Coming, going and throwing
After peaking in late 2010 the Small Resources Index has suffered an unimaginable multi-year retracement. It fell 32% in the year ending December 2011, 19% in 2012, 43% in 2013, 29% in 2014 and has fallen 15% calendar year to date. In total the index has fallen over 80% from its peak in 2011, and now represents only 14% of the Small Ordinaries Index (from a peak of over 45%). In the last month it fell 8% versus the Small Industrials Index which was down a less pronounced 4.5%. The collapse in small resources is in contrast to the Small Industrials Index which has ground upwards since 2011 despite the commodity headwinds evident in the economy. It’s difficult to envisage this trend continuing given at some point you must expect weakness in the resource sector to translate to industrials given the economy’s reliance on the export of its natural resources. Perhaps there is an inflexion point nigh?
Reporting season was kind to us for the most part. A wise friend once told me that value managers tend to make their money at results. Well in this case he was right as we were stretching the limit on several significant positions on the view that the undervaluation would eventually unwind. Little did we know it would happen so quickly with results validating our view on three core holdings. In each case we backed relatively new CEOs at businesses that were perceived broken by the broader market. In each case the CEO articulated a sensible strategy to turnaround underperformance and moved with alacrity on execution. One that we discussed in previous commentaries was Pacific Brands (PBG) – the owner of the Bonds and Sheridan brands. In this case it was addition by subtraction with divestment of several divisions leaving it devoid of debt and with a much cleaner business that is demonstrably growing and becoming less reliant on third party distribution. The steep valuation discount has now unwound with further delivery of earnings growth and cash flow required to drive it to the next level. The first 8 weeks of the fiscal year 2016 have kicked off well for PBG with sales up over 8%.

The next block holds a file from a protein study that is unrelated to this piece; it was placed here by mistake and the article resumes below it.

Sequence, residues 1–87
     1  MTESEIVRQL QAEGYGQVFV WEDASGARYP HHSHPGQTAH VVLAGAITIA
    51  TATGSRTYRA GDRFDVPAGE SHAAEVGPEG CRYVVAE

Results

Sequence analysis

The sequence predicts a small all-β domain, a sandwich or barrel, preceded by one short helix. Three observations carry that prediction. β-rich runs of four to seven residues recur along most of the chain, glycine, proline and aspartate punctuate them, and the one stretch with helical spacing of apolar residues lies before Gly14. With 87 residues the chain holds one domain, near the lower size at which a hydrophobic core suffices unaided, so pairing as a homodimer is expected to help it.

There was significant volatility in share prices during reporting season with massive short covering rallies and fast money seemingly coming, going and throwing. As described in past monthly commentaries, before reporting season we noted that cheap companies were becoming even cheaper whilst expensive companies (some loss making) were becoming even pricier. Clearly, in some cases this nexus was broken with PBG being the obvious example. What we have yet to see is a breakdown in the multiples paid for expensive companies despite several warning shots over the bow in recent months. It will be interesting to see what it takes for these companies to unravel; generally there is blanket denial on the first downgrade or profit miss, with ensuing downgrades delivering significant destruction to market valuations. Downgrades always come in threes is the old adage in small cap investing.
One of my great annoyances is the market’s obsessive desire for earnings guidance from companies. Why participants rely on guesstimates baffles me. How many times during reporting season do we see an email from an analyst finding greater conviction in their buy call because of “strong guidance” from the company? I much prefer a management team that under promises and over delivers. Buying a company on a high multiple that over promises and invariably under delivers seems a recipe for disaster. I would love to see the statistics on how many of these companies with aggressive guidance actually meet their targets. Most, when push comes to shove, simply game the system by acquiring growth to cloud the fact that guidance was unachievable. Seriously, I suspect that many of these companies have as much visibility on their earnings for the next year as I have on how many points I am going to score in my next basketball game. Why anyone thinks management have perfect foresight when businesses are inherently volatile is beyond me. I suppose it’s easier blaming managements’ crystal ball than applying rigour and valuation discipline in the analysis and ultimate investment decision.